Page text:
On behalf of Barkley, he procured 700 prime skins and many more of inferior quality, worth a great fortune in the Orient.

As Barkley sailed south, he named Barkley Sound, Hornby Peak, Frances Island, Trevor Channel, Loudoun Channel, Cape Beale and Imperial Eagle Channel. In honour of the local chief, he also named Wickinninish Sound, now referred to as Clayoquot Sound. As his ship settled due to lack of wind, off the entrance to the Strait of Juan de Fuca, on July 24, 1787, six of his party were killed by Indians who forced their way aboard his ship.

Depressed by this encounter, the Barkleys set sail for Canton and reached Macao in December. Formal trading proved successful with L10,000 for his backers. From their portion of the proceeds, the Barkleys bought an ornate bamboo chair that survived their journeys and can be seen in the Vancouver Centennial Museum today.

The first European woman to visit BC was eighteen-year-old Frances Barkley. She was also the first to sail openly as a woman, for beforehand it was considered bad luck and crews would refuse to sign on under such events.

As part of her circumnavigation of the globe, with her new twenty-six year old husband, Captain Charles William Barkley, she made a lasting impression on the Nootka natives, with her extraordinarily long, red-gold hair during their month long stay in June of 1787.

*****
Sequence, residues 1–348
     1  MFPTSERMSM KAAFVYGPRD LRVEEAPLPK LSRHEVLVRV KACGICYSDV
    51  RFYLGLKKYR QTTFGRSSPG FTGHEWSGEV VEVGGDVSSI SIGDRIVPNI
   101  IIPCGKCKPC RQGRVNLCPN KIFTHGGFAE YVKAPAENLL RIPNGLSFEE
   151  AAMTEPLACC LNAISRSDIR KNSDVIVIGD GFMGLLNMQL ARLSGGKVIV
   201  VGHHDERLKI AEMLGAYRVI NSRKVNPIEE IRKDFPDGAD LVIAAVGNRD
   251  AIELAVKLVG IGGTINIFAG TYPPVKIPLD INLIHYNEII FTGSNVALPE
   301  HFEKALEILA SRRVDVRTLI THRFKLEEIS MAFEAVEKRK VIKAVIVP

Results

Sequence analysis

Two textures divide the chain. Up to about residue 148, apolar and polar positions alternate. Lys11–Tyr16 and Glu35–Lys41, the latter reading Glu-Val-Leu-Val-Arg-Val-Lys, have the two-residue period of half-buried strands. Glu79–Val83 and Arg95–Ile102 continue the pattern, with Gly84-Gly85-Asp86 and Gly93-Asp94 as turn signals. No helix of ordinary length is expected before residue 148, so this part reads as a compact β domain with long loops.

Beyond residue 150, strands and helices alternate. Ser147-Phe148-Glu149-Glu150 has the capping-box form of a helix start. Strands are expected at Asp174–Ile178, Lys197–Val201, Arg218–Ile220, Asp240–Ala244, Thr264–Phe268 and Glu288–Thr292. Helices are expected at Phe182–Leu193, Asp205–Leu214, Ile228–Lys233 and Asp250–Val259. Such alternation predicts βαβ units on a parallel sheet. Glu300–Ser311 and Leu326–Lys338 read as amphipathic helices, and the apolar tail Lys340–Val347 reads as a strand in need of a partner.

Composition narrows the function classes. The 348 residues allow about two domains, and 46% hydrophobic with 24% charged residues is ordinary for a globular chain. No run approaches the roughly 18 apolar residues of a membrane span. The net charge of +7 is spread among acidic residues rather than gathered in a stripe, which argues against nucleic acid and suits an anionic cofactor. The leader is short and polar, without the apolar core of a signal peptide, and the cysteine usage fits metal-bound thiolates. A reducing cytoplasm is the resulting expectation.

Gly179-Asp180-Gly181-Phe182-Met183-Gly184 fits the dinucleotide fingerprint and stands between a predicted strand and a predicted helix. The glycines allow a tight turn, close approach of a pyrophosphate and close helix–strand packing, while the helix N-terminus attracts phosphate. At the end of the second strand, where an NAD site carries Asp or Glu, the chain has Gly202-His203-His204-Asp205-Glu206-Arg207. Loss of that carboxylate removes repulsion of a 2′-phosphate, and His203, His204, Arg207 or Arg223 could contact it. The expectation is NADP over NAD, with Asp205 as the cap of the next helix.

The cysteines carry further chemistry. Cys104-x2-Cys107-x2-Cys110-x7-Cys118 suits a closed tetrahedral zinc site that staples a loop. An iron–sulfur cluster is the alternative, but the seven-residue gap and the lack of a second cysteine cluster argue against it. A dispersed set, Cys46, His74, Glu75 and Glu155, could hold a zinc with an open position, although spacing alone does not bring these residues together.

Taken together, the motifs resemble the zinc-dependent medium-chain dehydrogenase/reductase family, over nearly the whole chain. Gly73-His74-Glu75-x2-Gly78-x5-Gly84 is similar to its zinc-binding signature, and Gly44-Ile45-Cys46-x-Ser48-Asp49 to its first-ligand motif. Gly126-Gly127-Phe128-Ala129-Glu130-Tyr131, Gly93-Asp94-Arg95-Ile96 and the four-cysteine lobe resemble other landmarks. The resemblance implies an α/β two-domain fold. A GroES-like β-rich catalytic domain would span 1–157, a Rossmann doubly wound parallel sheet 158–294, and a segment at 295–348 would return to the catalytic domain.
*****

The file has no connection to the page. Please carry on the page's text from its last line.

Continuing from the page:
Legend has it that Frances hair saved the day when the Barkleys were captured by hostile South Sea natives. Curious women among their captors supposedly loosed her hair “which fell like a shower of gold,” whereupon the astonished onlookers presumed she must be divine and Frances successfully ordered their release.

She was the daughter of a Protestant Church Rector and the sister of Captain James Cook wife, so she probably came by the unusual spirit of adventure by marriage if for no other reason.

Barkley captained the Imperial Eagle so not much could be said about her partaking of the expedition. Either you wanted to sail with the ship or you didn’t. The choice was theirs.

As they stopped at the Sandwich Islands, Frances took aboard a maid-servant, Winee, who be came the first Hawaiian or “Kanaka” to reach what was to become British Columbia. She said with the Barkleys to Nootka Sound, then onto China, but in Macao she wanted to return to her native home. She was given passage aboard John Meares ship in the spring of 1788. Meares described her as being “in a deep decline.” Winee died en route on February 5, 1788 and her body was committed to the deep.